PAPYRUS – working for prevention of suicide in young people

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Article by Rosemary Vaux, Press Officer, PAPYRUS

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In the UK suicide is the biggest killer of young people – male and female – under 35. In 2015, 1,659[i] young people took their own lives. This equates to over four per day. National charity PAPYRUS, working for prevention of suicide in young people, believes this is just the tip of the iceberg.

Every year many thousands more attempt or contemplate suicide, harm themselves or suffer alone, afraid to speak openly about how they are feeling. PAPYRUS strongly believes that many young suicides are preventable.

The charity was founded in 1997 by a group of parents who had lost a child through suicide: parents driven to prevent other families enduring the same devastation. It draws from the experience of many who have been touched personally by young suicide across the UK and speaks on their behalf in our campaigns and in our endeavours to save young lives.

The professionals in the mental health sector are well equipped with the knowledge and skills to deal with young suicidal people. But the demand is placing considerable strain on services and it can be extremely stressful. Recently chief executive of Papyrus, Ged Flynn, wrote to NHS bosses to ask them to inform their staff that they will be supported by their trust, if they make a best interests decision, to share with appropriate others, information about a patient’s suicide risk, in order to preserve life.

PAPYRUS can help. The charity provides practical help to anyone concerned that a young person may be at risk of killing themselves. It provides guidance for support groups. Its HOPELINEUK helpline service is staffed by suicide prevention advisors. The team also provides advice to teachers, doctors and other health professionals as well as young people and concerned others. Contact cards are available to download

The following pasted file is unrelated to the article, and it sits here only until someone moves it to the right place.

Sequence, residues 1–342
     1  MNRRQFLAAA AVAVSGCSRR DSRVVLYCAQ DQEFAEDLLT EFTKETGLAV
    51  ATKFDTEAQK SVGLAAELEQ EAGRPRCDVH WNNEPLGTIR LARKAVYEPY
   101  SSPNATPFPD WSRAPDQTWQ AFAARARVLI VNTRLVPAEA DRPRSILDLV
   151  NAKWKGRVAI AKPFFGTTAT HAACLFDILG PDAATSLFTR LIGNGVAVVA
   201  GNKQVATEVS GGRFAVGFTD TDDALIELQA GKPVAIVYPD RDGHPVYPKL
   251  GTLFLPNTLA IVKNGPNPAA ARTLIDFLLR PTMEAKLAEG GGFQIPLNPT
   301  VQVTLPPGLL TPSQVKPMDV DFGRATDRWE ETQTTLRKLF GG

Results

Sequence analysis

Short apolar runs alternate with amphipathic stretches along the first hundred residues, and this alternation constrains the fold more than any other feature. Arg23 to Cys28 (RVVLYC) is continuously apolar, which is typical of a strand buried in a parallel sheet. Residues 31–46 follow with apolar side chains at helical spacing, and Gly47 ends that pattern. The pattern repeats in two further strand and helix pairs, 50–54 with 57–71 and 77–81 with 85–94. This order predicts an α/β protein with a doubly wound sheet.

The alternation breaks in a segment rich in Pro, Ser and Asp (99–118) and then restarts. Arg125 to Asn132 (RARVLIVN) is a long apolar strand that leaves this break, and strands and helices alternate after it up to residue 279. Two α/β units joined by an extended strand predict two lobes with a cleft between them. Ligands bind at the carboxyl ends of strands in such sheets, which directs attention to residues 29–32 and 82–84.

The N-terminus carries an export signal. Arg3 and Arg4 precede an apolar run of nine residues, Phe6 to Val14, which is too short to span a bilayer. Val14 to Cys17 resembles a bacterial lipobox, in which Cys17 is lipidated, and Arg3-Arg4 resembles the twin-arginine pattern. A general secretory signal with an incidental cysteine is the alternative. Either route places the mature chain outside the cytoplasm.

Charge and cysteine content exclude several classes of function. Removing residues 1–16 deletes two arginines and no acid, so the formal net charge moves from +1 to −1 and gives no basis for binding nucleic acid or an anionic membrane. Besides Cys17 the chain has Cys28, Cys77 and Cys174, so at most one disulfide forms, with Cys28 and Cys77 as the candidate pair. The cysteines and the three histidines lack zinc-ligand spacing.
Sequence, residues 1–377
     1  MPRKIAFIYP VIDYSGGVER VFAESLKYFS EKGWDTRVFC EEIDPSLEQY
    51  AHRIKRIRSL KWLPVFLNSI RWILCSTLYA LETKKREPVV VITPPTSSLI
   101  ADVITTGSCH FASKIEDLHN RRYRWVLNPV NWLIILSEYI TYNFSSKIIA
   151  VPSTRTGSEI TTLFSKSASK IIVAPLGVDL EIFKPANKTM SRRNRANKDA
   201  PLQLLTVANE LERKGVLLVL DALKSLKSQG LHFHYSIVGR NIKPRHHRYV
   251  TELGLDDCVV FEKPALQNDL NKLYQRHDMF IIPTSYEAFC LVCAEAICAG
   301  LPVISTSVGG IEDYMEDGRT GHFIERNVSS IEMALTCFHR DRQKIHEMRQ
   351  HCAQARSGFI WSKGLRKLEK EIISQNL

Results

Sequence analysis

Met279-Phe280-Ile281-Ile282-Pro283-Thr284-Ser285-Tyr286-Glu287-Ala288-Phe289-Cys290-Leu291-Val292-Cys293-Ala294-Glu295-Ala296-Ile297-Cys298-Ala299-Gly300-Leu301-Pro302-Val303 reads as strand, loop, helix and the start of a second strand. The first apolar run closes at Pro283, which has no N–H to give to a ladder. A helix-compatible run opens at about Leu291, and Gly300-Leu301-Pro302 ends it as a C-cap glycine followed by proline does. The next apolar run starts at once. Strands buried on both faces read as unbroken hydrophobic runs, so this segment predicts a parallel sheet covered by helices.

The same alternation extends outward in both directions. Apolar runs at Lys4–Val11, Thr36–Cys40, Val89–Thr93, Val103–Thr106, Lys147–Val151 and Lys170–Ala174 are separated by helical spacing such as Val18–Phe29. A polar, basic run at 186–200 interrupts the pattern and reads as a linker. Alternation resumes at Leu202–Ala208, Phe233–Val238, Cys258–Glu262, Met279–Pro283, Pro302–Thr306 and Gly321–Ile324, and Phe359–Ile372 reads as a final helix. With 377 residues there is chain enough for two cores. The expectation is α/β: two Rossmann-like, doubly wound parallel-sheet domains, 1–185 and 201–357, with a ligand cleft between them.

PAPYRUS believes many young suicides can be prevented and that suicide is everyone’s business – it should be a concern for the whole community.

But how do we know if someone is thinking about suicide? No matter what your role is, if you are worried about someone and think they could be suicidal, ask them. We cannot be certain without asking, but there are often signs we can look out for. The charity’s ‘Spot the signs’ campaign, encourages people to ask directly.

PAPYRUS also provides training in suicide awareness and intervention skills, working with many sectors: community and business groups, schools and colleges, NHS professionals are included. It campaigns on a range of young mental health issues and influences national policy.

Children and young people today can be under a lot of pressure. Suicides by children are alarmingly high. 200 school children take their own lives every year. A major PAPYRUS campaign for 2018 is #ClassOf2018 a key component of which is a new guide for teachers and staff: ‘Building Suicide-Safer Schools and Colleges’. It is free to download or purchase print copies.

For more information and guidance visit

[i] 1 Office for National Statistics Statistical Bulletin Suicides in England and Wales: 2015 Registrations; Nicva: Quarterly and Annual Suicide Statistics for Northern Ireland; 2015 Registrations; ScotPho Suicide data introduction:2015 Registrations.

Read the Self-harm and Suicide Editorial of The Bridge by Dr Juliette Kennedy


My closest friend and the Brother I never had Will took his own life alone on a dark winters day 21 years ago.
I have never really got over this and my failure to help him.
The work that you do to prevent suicide is absolutely critical to helping stem this catastrophic epidemic.

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